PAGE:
At a Planning Hearing today at Stirling Council, a decision on Network Rail’s application to replace the Kerse Road Bridge was deferred due to the lack of a traffic assessment being provided. The application will now be heard at another planning hearing in June, at a date still to be determined.
Braehead Community Council Chairperson Chris Kane spoke at the Hearing. His statement is below:
Whilst I cannot fault Network Rail’s willingness to engage, I do fault their ability to provide the information necessary for meaningful dialogue and input.
Our local communities and our local businesses will have to bear a cost if this application is approved. Unfortunately we do not know how much of a cost because a complete traffic assessment has not been shared with us.
Over twenty thousand vehicle journeys a day will need to find an alternative route and many of them will drive through Braehead and Broomridge, regardless of where any official diversion may be – local knowledge trumps diversionary signposts every time.
The safety of our children walking to school and that of our elderly and less mobile neighbours getting to our community centres or community shops could be jeopardised, but we simply don’t know because the traffic assessment is not complete.
This is unacceptable to my community, as is the prolonged nature of the closure. I cannot believe if Network Rail were replacing a bridge over the M8 or M9 motorway that they would be allowed to close either of these roads for up to a year. It is bewildering that an organisation that can bring engineering greatness to bear on projects such as London’s Crossrail cannot turn that engineering greatness to the comparatively straightforward task of replacing one road bridge. We realise that to the rail network Kerse Road bridge is nothing special, but to Stirling’s road network it is vital.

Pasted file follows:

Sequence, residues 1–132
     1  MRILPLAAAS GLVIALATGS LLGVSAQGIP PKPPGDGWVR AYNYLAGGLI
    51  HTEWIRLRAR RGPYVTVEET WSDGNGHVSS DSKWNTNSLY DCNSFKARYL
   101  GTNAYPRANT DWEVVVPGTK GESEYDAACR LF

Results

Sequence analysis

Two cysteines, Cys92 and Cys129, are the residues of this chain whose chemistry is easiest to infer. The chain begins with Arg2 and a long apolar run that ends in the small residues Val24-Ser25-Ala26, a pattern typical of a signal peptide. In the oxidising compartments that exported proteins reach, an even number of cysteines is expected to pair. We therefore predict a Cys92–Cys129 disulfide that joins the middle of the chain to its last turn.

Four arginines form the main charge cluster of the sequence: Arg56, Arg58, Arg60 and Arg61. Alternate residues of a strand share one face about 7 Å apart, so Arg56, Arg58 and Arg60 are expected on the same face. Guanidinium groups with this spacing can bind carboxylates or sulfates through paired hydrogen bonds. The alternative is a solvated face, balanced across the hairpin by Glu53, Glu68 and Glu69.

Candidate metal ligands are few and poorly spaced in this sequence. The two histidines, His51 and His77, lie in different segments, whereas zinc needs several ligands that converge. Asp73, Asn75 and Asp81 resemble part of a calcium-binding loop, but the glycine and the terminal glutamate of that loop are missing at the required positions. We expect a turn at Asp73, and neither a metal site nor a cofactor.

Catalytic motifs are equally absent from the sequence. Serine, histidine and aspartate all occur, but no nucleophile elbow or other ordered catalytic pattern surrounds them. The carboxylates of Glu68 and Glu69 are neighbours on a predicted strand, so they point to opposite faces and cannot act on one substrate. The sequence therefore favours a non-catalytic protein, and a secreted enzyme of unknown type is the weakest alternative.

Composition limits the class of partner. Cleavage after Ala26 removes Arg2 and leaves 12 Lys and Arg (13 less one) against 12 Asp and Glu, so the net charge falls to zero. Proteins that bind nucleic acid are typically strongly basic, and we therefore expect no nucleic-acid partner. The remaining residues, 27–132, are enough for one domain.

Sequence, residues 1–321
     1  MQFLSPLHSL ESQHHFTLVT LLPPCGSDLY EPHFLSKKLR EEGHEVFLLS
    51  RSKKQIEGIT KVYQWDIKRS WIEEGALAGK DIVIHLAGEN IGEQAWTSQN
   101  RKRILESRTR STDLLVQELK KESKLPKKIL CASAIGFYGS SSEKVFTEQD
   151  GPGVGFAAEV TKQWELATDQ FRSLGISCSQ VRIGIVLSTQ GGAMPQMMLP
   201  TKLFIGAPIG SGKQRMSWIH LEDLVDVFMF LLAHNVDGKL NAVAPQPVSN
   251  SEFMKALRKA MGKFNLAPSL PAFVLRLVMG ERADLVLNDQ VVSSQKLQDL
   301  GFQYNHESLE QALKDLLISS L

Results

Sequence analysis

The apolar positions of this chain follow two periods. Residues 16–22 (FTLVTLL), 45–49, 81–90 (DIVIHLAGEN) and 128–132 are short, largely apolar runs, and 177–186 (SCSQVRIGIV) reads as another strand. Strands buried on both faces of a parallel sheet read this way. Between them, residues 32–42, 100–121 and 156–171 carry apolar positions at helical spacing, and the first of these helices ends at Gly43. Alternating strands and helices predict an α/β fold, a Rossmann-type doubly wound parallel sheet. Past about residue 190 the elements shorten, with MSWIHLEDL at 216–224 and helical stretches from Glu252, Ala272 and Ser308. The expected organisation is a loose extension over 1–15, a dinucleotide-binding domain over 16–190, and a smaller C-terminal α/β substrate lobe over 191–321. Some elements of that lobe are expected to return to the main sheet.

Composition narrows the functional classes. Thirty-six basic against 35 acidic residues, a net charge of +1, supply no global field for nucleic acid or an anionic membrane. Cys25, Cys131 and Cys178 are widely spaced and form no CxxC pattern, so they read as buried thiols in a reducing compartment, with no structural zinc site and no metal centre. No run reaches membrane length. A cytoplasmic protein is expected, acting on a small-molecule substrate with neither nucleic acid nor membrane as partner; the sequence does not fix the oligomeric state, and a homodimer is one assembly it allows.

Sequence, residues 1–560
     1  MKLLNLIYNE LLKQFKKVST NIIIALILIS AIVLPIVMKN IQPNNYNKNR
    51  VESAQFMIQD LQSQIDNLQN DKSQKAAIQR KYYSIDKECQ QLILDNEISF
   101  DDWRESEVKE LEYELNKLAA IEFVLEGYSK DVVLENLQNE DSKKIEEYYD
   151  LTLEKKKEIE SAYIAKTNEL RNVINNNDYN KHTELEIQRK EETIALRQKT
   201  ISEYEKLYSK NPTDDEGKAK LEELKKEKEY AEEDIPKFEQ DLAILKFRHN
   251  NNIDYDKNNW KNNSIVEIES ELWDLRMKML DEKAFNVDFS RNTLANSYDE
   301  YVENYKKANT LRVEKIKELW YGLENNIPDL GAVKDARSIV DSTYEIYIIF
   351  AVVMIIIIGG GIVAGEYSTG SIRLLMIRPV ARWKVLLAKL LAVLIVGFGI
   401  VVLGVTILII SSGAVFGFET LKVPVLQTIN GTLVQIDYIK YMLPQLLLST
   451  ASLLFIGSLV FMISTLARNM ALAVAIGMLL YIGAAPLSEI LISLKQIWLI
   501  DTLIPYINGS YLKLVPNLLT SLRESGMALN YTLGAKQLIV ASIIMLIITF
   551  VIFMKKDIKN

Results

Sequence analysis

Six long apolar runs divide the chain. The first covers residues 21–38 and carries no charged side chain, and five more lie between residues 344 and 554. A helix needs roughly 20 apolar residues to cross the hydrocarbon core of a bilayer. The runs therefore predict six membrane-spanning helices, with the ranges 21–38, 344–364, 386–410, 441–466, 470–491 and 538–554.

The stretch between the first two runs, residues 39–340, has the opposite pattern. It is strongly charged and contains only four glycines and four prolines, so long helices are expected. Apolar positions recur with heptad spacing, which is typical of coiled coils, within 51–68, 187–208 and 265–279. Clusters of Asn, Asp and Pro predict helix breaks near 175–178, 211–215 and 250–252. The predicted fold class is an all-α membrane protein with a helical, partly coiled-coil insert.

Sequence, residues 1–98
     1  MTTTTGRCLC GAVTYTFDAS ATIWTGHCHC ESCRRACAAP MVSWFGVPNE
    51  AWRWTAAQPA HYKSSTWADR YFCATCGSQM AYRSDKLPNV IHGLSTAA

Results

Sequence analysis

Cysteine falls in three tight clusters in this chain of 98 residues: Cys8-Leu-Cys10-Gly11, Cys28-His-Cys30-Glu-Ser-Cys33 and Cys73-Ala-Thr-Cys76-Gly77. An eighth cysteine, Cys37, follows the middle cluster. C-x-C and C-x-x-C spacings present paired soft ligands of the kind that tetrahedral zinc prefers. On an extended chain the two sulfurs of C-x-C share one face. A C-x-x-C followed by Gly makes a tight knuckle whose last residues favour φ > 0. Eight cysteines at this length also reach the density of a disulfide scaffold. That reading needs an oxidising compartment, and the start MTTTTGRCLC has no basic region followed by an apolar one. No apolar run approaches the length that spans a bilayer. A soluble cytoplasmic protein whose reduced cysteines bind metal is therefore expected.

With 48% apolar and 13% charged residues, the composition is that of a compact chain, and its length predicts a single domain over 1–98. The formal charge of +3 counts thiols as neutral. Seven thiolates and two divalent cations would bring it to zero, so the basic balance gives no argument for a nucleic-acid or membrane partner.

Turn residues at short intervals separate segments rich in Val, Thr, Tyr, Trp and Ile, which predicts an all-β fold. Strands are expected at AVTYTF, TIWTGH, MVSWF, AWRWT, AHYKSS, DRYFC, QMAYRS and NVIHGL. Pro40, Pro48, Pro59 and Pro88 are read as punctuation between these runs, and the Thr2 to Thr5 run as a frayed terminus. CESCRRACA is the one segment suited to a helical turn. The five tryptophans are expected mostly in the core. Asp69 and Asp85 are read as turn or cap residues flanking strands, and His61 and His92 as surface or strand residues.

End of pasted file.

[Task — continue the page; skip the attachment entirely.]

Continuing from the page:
We are not entrenched in our opposition. We would like this Hearing to give Network Rail the opportunity to turn us from opposers to supporters.
We would like you to consider delaying a decision on all of this until a later date. This would allow Network Rail and Stirling Council time to produce the traffic assessment and work with us to mitigate any problems. Our communities should not be penalised because Network Rail failed to prepare a traffic assessment in a reasonable time frame. Neither should Network Rail be rewarded for an inadequate consultation process.
A delay would also allow Network Rail time to bring to bear the talents of their incredible engineers to rework the problem and reduce the proposed closure time.
The impact of this application, to my mind, deems it to be of such important to my community, Riverside Community, Mercat Cross Community, the businesses of Springkerse and the City Centre, that community voices must be heard and our opinions given proper consideration in this process.
It is in nobody’s interests to have communities in acrimonious dispute with Network Rail for the next twelve months. This could be avoided if Network Rail simply worked with us in a considered, not rushed fashion and I would ask that this Hearing give an opportunity for meaningful dialogue and decisions to be made by deferring all of this application to a later date when the necessary information has been provided, assessed and road safety concerns addressed.